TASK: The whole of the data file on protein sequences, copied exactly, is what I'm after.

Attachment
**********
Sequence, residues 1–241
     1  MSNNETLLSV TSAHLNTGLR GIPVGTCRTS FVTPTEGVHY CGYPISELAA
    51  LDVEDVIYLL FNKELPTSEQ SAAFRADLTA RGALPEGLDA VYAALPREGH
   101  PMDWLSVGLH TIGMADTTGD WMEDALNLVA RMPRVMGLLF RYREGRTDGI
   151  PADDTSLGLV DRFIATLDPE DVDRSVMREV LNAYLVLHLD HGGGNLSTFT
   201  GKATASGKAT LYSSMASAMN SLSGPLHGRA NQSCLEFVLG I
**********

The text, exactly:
Sequence, residues 1–241
     1  MSNNETLLSV TSAHLNTGLR GIPVGTCRTS FVTPTEGVHY CGYPISELAA
    51  LDVEDVIYLL FNKELPTSEQ SAAFRADLTA RGALPEGLDA VYAALPREGH
   101  PMDWLSVGLH TIGMADTTGD WMEDALNLVA RMPRVMGLLF RYREGRTDGI
   151  PADDTSLGLV DRFIATLDPE DVDRSVMREV LNAYLVLHLD HGGGNLSTFT
   201  GKATASGKAT LYSSMASAMN SLSGPLHGRA NQSCLEFVLG I